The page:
Toronto (September 9, 2019) – The results of the most recent Equifax survey suggest that nearly a quarter of Canada’s millennials (23 per cent) think, it’s okay to lie about their income on mortgage appications. That is almost double the amount of the general population (12 per cent). The results might be influenced by the rising cost of buying a home today, said the credit rating agency in a press release on Monday. The believed victimless crime might leave some applicants with legal consequences or ruin their credit history as soon as they realize that they cannot pay the mortgage on time, the agency warns.
Someone who is inflating their annual income when applying for a mortgage is committing fraud since they misrepresent, lie or exaggerate ‘information to obtain a mortgage that would not have been granted if the truth had been told.’, explains Equifax in their press release. However, mortgage fraud is often (16 per cent) seen as a victimless crime especially among millennials (23 per cent). ‘What some may see as a little white lie during the mortgage application process could have legal consequences or become a very hard lesson for people to learn if they cannot keep up with their mortgage payments.’, warns Julie Kuzmic, Director of Consumer Advocacy at Equifax Canada.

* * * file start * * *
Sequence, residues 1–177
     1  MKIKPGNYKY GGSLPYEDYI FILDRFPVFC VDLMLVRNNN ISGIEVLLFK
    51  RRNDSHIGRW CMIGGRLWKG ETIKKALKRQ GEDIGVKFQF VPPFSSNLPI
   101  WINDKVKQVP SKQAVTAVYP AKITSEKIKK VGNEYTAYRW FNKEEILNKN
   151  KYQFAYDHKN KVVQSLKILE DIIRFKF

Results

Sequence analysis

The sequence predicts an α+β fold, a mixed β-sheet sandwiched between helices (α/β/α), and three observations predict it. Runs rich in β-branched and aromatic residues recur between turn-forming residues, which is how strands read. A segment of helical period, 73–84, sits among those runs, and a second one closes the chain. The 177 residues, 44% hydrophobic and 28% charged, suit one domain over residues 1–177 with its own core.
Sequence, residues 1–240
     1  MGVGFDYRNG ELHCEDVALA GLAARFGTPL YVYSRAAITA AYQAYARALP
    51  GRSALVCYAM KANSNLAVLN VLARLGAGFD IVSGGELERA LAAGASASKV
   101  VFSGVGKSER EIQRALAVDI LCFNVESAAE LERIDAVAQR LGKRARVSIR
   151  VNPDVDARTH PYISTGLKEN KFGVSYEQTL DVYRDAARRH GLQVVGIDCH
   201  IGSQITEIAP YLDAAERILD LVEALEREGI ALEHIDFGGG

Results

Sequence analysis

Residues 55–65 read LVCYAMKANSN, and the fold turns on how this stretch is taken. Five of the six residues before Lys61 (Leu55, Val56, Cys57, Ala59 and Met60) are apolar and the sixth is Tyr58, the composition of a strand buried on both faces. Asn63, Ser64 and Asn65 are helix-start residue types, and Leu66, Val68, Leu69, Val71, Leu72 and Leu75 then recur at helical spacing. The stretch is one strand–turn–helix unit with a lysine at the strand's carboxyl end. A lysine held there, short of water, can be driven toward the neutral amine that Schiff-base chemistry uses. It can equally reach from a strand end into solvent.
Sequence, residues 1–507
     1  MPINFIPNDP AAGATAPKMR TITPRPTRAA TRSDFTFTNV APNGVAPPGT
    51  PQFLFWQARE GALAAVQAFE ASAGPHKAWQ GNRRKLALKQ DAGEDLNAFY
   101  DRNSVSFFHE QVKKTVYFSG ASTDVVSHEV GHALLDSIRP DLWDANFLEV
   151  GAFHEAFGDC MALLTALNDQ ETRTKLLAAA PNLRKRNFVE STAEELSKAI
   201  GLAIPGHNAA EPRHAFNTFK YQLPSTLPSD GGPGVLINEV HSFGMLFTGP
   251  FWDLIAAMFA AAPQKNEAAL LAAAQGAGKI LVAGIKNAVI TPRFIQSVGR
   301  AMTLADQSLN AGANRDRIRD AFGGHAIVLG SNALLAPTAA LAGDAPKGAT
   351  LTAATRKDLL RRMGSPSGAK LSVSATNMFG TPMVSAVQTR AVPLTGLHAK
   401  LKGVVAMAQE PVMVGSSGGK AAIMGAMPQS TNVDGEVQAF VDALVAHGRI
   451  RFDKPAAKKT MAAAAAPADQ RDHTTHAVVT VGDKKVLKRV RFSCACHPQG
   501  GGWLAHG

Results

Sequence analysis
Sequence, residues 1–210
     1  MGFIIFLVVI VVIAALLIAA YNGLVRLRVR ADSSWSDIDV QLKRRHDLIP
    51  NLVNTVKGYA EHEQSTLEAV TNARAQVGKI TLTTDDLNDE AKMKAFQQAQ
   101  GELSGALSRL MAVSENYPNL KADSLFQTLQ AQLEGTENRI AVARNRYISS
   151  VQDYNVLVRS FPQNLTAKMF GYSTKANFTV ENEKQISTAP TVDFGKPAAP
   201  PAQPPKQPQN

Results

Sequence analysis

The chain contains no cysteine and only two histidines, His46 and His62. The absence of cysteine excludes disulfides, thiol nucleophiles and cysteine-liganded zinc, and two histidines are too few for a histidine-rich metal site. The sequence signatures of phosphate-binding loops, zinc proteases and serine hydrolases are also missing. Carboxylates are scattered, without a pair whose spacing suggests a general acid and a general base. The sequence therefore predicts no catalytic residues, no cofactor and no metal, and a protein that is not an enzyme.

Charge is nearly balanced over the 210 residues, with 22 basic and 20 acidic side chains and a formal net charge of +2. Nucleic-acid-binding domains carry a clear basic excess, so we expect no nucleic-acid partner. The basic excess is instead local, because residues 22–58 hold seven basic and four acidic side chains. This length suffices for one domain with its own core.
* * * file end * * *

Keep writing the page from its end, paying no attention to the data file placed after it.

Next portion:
Equifax explains the numbers with today’s rising house prices and the fear to miss out on buying the house of their dreams when not being approved for a mortgage loan. Respectively, 78 per cent of those surveyed think ‘the federal government should help homebuyers in some way, with 70 per cent saying they should do more to help first-time homebuyers’. To address the challenges of high costs buying a home today, the mortgage stress test should be relaxed for first time buyers, say 48 per cent of the surveyed people and 47 per cent say it should be relaxed for all homebuyers. Even 38 per cent think that ‘the federal government should eliminate the stress test entirely’.
The survey was conducted online by the credit rating agency Equifax. They asked 1,545 Canadians from across the country in a representative sample specific questions about mortgage fraud, the challenges of buying a home, and general consumer credit knowledge, according to the company’s press release.